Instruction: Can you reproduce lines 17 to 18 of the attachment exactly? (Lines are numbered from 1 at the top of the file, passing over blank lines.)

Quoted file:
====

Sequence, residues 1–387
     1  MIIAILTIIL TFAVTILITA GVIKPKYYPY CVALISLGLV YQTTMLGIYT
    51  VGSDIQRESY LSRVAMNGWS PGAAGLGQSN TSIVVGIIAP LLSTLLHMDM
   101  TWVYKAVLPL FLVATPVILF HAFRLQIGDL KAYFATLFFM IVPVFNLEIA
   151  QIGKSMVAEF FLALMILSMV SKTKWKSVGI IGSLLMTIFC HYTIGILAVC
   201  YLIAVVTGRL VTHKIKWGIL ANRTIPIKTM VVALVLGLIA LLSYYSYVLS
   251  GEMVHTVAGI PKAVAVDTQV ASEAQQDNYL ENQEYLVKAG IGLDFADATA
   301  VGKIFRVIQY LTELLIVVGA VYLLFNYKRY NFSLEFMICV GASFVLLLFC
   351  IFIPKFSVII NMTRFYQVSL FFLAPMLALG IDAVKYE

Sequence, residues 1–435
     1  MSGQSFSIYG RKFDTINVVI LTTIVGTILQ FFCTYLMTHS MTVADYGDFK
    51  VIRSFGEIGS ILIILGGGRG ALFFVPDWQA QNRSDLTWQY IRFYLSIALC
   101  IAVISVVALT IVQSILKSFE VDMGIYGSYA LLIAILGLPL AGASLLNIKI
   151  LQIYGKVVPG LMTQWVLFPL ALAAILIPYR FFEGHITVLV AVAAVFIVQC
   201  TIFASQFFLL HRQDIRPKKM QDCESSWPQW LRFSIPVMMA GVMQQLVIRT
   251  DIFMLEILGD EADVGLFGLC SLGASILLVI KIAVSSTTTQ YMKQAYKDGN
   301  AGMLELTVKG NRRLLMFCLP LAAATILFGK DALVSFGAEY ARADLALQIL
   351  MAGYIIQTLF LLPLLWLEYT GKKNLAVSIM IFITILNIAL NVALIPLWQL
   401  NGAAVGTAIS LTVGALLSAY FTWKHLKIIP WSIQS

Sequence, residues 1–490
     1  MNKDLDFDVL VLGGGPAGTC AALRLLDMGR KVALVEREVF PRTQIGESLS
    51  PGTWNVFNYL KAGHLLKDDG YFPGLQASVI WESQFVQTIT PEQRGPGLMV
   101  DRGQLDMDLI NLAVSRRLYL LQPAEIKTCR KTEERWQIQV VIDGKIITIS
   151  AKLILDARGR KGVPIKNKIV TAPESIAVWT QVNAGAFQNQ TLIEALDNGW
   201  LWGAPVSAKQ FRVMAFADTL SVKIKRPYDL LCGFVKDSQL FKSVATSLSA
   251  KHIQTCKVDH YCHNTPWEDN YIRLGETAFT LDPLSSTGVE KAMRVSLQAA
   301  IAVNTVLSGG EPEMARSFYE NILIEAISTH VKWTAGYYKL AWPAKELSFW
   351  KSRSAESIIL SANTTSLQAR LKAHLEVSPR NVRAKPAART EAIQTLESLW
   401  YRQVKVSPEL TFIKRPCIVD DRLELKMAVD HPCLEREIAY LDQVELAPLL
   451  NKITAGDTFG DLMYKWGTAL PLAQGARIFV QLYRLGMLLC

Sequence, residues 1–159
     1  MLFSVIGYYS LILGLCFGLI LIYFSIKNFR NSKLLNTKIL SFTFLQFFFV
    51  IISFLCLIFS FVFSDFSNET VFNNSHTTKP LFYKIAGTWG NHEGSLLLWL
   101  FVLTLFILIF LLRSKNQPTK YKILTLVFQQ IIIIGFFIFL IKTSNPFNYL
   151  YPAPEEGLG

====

   301  AGMLELTVKG NRRLLMFCLP LAAATILFGK DALVSFGAEY ARADLALQIL
   351  MAGYIIQTLF LLPLLWLEYT GKKNLAVSIM IFITILNIAL NVALIPLWQL